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Operators Must 'Squeeze' Late Wireless Adopters: Study

Late wireless adopters aren't as lucrative as earlier adopters, so wireless operators must work harder to squeeze profits out of them, a new study says.
Wireless operators will have to squeeze profits out of first-time subscribers in order to remain profitable, according to a study released Monday by Bear, Stearns & Co. and Compete, Inc.

That's because first-time wireless subscribers won't be as lucrative for wireless operators as long-time subscribers, the study indicated.

"In this study we found that new adopters of wireless services will generate less revenue than experienced subscribers," Adam Guy, director of Compete's wireless practice, said in a statement. "Understanding the unique characteristics of these late adopters will be key to focusing on squeezing profits out of new customers."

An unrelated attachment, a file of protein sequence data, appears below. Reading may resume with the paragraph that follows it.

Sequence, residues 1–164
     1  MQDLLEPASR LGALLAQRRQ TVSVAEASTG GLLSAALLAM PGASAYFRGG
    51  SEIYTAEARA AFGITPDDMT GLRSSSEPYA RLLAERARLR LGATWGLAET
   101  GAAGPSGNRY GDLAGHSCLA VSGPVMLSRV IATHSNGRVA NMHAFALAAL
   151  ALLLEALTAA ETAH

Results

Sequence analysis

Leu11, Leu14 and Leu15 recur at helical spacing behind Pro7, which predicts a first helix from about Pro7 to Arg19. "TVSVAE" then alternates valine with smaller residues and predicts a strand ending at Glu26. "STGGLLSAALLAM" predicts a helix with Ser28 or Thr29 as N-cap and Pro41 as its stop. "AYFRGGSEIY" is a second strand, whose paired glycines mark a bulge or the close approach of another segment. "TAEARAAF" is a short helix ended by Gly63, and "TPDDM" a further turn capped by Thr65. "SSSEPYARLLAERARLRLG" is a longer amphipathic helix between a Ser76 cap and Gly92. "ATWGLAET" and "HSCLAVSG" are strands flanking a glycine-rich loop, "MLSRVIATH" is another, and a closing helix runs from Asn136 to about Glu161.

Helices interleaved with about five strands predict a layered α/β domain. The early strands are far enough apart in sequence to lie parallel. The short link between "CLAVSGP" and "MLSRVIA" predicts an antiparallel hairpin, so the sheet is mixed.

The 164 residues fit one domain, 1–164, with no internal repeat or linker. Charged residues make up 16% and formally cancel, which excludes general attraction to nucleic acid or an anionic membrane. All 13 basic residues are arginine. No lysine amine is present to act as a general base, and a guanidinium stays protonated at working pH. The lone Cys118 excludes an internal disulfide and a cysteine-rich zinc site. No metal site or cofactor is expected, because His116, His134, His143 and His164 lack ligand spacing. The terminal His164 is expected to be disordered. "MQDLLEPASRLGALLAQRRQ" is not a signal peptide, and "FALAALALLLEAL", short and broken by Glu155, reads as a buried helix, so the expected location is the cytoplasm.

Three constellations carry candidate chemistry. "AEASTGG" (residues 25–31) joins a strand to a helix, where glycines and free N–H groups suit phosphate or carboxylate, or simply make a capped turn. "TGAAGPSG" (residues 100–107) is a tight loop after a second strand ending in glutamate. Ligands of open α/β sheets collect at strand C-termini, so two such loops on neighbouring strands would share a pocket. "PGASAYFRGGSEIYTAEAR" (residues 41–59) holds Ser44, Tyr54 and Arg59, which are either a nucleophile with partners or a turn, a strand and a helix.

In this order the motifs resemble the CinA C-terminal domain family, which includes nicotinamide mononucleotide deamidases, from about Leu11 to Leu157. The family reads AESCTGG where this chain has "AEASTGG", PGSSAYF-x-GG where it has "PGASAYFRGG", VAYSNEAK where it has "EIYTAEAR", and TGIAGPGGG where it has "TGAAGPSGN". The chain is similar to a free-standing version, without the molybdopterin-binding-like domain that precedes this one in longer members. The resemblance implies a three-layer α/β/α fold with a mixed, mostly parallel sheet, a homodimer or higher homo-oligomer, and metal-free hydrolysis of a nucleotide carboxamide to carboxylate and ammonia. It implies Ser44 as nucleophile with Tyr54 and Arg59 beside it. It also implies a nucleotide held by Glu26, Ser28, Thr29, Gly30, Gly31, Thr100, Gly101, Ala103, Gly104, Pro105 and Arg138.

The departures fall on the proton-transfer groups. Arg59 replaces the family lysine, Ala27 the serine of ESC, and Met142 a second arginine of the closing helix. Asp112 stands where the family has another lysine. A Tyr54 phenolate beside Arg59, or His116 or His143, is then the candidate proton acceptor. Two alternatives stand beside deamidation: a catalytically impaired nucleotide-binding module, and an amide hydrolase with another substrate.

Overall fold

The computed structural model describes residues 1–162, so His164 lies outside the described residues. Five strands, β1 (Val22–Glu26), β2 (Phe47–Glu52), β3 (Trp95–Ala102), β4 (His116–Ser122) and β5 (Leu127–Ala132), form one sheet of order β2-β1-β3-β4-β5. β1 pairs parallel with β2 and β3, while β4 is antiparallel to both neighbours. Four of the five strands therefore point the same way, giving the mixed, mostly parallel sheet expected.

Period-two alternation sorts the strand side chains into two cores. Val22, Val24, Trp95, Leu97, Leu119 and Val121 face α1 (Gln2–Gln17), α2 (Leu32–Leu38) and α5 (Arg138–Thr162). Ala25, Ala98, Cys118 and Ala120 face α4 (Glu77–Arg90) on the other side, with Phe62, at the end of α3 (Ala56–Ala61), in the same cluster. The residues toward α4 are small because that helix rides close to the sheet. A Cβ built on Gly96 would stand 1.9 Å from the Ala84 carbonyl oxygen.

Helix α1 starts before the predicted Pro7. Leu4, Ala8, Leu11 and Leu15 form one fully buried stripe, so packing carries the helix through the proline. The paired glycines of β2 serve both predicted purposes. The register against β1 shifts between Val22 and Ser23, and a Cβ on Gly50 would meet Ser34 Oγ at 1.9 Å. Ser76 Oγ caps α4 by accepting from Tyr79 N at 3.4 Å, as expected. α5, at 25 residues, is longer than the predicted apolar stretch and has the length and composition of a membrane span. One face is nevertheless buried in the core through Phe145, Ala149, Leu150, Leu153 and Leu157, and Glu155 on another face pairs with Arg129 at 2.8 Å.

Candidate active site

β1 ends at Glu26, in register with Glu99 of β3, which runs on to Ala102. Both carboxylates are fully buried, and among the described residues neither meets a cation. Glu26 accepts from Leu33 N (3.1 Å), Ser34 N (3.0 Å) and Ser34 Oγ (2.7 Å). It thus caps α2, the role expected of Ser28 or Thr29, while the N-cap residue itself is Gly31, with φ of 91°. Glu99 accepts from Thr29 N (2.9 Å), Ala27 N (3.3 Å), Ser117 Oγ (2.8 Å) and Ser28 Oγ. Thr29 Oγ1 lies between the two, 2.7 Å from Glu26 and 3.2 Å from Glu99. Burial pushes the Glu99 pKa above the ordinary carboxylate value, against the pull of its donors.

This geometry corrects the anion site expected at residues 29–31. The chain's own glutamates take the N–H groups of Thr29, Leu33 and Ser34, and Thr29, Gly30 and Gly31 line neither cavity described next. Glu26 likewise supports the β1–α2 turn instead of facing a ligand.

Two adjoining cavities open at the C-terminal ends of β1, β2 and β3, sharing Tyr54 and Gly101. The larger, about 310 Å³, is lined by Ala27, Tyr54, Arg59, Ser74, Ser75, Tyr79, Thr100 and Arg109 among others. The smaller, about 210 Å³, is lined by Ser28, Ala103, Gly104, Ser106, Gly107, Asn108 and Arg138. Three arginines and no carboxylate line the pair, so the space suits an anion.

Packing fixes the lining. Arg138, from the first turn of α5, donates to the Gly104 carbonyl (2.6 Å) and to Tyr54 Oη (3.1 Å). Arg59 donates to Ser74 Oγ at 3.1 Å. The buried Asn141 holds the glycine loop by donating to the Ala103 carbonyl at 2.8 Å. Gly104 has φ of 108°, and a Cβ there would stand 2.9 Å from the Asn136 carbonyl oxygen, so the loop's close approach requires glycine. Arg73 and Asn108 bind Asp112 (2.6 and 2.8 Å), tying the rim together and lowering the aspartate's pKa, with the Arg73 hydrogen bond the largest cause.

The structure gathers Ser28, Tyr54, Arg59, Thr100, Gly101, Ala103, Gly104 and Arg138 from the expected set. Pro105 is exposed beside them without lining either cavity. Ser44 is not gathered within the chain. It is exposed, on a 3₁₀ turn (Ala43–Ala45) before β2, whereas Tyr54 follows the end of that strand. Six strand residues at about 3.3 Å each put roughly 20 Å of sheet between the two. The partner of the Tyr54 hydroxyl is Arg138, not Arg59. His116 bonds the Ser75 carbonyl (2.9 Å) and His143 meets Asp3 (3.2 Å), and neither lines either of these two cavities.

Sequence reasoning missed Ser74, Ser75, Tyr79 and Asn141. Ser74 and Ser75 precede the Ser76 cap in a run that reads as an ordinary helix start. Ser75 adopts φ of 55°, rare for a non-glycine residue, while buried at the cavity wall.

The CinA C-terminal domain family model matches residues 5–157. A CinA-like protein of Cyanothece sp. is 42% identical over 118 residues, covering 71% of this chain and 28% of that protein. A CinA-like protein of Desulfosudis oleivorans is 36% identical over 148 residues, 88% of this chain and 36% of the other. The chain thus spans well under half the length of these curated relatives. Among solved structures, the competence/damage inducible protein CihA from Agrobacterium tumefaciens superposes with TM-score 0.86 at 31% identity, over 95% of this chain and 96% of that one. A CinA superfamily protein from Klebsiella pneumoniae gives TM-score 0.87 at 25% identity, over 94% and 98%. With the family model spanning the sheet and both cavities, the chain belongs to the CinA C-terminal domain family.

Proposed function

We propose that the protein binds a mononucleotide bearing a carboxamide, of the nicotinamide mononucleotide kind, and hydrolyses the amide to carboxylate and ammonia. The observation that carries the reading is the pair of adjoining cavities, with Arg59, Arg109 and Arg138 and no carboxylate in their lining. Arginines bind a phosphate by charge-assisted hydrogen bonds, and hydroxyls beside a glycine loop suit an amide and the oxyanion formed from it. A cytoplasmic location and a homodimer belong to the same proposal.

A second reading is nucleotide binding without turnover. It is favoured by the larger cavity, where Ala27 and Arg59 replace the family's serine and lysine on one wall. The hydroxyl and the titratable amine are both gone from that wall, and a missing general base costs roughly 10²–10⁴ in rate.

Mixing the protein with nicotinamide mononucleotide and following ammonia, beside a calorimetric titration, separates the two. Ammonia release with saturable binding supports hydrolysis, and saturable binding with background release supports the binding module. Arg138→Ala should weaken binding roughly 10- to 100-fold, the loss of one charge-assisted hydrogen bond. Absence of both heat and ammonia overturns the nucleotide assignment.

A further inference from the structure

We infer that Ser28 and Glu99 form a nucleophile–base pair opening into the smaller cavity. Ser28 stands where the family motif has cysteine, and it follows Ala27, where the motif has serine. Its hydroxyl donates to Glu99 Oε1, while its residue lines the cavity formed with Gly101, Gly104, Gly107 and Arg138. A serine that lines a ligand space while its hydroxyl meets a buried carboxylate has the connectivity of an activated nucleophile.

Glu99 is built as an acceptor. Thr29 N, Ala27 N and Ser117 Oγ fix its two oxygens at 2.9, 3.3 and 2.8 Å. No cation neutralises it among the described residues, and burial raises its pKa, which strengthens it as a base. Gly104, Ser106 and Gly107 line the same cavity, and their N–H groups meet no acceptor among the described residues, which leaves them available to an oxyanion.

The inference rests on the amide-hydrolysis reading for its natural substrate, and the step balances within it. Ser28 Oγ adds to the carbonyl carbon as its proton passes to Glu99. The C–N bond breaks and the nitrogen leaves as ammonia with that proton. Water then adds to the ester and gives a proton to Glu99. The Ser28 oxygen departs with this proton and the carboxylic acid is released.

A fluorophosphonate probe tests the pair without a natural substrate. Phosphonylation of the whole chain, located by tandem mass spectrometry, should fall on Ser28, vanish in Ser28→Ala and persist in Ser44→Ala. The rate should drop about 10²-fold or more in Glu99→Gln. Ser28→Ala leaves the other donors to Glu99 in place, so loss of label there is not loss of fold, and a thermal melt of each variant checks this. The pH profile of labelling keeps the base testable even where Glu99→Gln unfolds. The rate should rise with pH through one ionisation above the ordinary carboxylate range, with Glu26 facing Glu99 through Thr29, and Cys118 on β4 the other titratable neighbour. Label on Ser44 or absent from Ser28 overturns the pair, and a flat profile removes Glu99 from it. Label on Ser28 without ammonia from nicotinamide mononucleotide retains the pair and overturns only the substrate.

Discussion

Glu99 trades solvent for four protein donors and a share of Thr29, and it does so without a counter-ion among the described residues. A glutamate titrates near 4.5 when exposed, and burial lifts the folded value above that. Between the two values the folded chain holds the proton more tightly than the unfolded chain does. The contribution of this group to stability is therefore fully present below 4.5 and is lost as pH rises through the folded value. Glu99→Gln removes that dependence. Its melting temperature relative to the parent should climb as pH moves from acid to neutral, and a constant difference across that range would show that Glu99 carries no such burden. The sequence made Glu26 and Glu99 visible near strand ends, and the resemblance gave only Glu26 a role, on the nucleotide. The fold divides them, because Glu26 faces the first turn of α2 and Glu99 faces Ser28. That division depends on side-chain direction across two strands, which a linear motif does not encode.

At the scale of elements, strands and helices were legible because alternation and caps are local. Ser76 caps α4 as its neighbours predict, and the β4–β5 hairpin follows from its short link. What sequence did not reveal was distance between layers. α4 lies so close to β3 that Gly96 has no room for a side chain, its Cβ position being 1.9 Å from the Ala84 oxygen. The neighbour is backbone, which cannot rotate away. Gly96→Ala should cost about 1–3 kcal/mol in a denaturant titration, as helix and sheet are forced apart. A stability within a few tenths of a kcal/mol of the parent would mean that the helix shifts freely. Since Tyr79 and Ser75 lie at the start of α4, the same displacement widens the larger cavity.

The safety that carrying a phone provides is the top priority of first-time subscribers, the study said. That priority reported by about half the 1,200 respondents in a study conducted by the research firms. In addition, this group is motivated by connecting to their families. So-called family plans are one strong way to appeal to this group, according to the study.

The study notes that new marketing tactics are required by wireless operators as the nature of their customers changes.

"As the industry's 'acquisition' stage winds down, carriers will need to fundamentally shift from 'hunting' new subscribers to 'farming' their existing subscriber base," Philip Cusick, wireless telecommunications services analyst with Bear Stearns, said in a statement.